Intuitively, if you reduce spending, it should make your financial picture healthier. It generally works for a family unless they cut something like maintenance, and then end up with giant bills for a new roof and air conditioner. The question is, does this work for a nation's economy. It seems like a good idea.
Nope. It's an easy sell, but it doesn't work as advertised. It's music to some politicians' ears because it supports their agenda of small government.
Before going into austerity and how it hurts the economy, it might be helpful to review what the differing political philosophies are.
The Democratic philosophy tends toward a larger role of government in solving societal problems. And they have traditionally supported labor. The Republican philosophy, which is now very influenced by the Tea Party, believes in a very small government with very specific tasks, and very few of those tasks support social agendas. They also have historically supported business.
So in that dichotomy, you can see that Republicans generally go for small government, and reducing taxes and government burdens on the wealthier business segment of society. Therefore, any mechanism that forces a smaller government is a good thing. Therefore, austerity has to be good because it forces government to cut government programs.
You can't blame political parties for their philosophy. The question is, do these philosophies, when put into action, align with your philosophy and do they help or harm the public. Because essentially this country is for people, and corporate interests are secondary.
Our kind of world. As my friend H. Spoon put it about today's world versus going back to leaner times, "We are no longer a nation that is sparsely populated, rural, agrarian, simple, a rugged individualist nation where the "laws of nature" and the notion of "the survival of the fittest" ruled." We are "a densely populated, urban, techo-industrial, extremely inter-dependent society competing in a global economy and enmeshed in myriad vital and necessary international trade and defense entanglements." This very complicated world requires as much stability as we can give it.
Today's pressures. During recessions, people naturally become more conservative. People are afraid to spend. Corporations cut spending and are afraid to spend to expand. Both people and corporations tend to stop spending and put more money into savings.
Both corporations and people look for very positive trends in the economy before they start spending again. For the last three years there have been very few positive signs, and that's one of two reasons why consumer spending has remained flat. The other reason is they don't have free money to spend. Corporate earnings have been at record levels, and they haven't expanded or made significant investments, except for using record level stock prices to buy other companies. The future is too uncertain for expansion.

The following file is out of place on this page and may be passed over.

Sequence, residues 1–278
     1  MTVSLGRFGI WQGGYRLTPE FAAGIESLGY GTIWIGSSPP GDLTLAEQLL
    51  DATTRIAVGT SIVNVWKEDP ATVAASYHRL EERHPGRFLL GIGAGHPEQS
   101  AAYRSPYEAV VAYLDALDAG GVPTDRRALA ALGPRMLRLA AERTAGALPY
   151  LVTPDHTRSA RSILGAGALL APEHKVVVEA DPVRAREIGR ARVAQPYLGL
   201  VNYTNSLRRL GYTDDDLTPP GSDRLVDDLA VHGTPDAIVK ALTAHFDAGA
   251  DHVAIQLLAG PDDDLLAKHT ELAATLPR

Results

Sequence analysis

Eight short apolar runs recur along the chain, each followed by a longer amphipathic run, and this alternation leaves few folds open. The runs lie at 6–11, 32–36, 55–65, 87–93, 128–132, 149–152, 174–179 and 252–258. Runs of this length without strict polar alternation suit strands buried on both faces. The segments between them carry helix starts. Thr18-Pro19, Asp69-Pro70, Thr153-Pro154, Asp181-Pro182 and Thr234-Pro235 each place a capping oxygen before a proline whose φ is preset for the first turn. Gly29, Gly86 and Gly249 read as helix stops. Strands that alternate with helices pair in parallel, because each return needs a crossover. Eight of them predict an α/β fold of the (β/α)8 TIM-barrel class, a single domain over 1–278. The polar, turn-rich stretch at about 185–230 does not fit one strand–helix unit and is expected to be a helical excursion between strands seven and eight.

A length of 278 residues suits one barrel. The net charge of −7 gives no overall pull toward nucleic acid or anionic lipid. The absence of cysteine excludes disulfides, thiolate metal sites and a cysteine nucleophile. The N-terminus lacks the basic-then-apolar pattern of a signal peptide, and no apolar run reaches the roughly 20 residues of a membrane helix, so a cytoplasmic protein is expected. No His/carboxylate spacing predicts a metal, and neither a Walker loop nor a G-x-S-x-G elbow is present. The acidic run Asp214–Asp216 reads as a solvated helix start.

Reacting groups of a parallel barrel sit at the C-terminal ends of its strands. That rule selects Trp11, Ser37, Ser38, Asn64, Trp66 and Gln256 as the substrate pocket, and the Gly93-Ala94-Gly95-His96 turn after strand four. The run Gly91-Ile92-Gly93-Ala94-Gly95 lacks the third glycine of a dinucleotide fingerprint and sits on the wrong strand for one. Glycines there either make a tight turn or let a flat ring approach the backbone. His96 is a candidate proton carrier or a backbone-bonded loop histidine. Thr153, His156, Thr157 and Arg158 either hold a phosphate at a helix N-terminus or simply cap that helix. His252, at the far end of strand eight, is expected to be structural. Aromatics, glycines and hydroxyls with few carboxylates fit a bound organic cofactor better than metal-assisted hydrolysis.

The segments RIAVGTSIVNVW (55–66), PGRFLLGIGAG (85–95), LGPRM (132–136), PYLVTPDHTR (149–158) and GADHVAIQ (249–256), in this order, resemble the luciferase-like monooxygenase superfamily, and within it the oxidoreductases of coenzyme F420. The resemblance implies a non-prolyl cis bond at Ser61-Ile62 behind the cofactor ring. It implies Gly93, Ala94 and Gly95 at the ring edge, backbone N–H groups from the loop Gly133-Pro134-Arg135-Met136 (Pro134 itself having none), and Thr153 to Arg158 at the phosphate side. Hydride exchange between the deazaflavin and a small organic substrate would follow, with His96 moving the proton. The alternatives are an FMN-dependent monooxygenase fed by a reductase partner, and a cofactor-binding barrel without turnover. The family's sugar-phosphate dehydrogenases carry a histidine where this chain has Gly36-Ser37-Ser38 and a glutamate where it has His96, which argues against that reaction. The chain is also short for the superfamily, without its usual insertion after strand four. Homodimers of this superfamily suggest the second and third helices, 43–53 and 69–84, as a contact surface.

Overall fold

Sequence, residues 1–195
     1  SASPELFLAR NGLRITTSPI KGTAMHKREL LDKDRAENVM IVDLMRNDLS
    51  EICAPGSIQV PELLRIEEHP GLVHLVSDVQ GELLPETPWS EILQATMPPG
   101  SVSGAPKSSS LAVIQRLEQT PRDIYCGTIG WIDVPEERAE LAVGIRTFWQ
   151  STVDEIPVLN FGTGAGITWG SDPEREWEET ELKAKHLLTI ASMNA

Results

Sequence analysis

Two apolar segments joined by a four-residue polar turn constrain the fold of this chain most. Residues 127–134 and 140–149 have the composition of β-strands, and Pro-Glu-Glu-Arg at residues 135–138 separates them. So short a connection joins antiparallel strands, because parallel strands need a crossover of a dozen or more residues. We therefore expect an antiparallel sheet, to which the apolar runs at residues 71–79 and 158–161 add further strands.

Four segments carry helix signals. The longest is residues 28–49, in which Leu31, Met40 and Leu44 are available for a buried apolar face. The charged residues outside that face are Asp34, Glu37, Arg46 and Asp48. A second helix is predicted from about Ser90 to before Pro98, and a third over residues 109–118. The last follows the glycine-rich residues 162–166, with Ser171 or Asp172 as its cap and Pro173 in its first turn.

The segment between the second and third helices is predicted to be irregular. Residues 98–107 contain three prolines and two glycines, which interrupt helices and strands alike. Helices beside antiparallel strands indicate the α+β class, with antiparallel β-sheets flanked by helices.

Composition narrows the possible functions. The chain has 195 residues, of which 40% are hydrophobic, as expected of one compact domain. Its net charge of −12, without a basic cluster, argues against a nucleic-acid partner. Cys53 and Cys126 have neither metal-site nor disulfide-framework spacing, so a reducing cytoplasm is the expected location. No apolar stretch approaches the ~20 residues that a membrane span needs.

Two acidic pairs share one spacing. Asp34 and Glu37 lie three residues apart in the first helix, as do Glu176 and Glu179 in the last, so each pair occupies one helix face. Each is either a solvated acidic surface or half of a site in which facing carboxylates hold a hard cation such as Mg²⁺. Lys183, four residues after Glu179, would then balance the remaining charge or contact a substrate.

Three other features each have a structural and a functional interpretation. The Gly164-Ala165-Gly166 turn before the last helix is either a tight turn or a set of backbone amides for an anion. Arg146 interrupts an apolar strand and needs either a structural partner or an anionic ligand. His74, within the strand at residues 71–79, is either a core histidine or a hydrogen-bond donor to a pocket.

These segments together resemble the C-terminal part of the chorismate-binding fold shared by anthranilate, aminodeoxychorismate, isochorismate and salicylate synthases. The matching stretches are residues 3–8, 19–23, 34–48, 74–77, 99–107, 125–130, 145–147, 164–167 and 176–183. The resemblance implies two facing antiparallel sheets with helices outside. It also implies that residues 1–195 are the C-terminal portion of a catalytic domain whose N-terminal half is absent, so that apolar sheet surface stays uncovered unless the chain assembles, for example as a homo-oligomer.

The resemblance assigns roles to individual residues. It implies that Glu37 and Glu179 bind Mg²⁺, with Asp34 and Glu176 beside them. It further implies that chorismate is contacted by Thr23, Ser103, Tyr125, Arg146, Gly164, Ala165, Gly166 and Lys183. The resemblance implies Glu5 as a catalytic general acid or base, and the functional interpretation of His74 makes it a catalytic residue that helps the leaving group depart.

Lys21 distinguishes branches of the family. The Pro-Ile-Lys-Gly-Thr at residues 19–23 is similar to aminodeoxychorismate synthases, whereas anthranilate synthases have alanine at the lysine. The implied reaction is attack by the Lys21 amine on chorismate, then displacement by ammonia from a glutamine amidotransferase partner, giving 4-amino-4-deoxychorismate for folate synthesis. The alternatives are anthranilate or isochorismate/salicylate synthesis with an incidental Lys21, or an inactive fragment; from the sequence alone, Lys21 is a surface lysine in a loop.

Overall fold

During a recession, jobs disappear, wages freeze or drop, and there is a much greater need for jobs and higher wages. For the public, recession is terrible, and causes loss of dreams, loss of college education, loss of homes, divorce, increased crime, lack of medical care that ends suffering and saves lives, and sometimes suicide. The toll of recessions on the public is monstrous.
The minimum wage can play a huge role in protecting low income families. This can help us remain more stable. But the role of government is limited. As my friend Spoon points out, "Government cannot force corporations to increase wages or create jobs, or even preserve jobs.
"Circumstances beyond the control of governments have everything to do with those things...The cost of energy, war, natural disasters, international turmoil and politics have more impact than stable tax rates, high or low... US effective tax rates on taxable income at all levels but especially for large corporations and uber wealthy, after all is said and done, are much lower than the stated rates for income brackets... Federal minimum wage employees make up a tiny fraction of the total workforce... and the impact of minimum wages on the total economy are just as minimal... So much for the ridiculous hysteria the right wing attributes to the federal government's efforts to increase the federal minimum wage..."
Real world results: Raising the Minimum Wage Doesn't Affect Employment (or raise prices)
Corporations and businesses feel no responsibility toward creating jobs, and certainly nothing toward keeping wages up, beyond determining which employees to let go, which is painful to managers. It isn't business responsibility to create or preserve jobs - if anyone tells you it is, it's just a myth. The government and the public have to do what they can to get wages up. The minimum wage has an effect on wage earners above minimum. Government can avoid cutting jobs.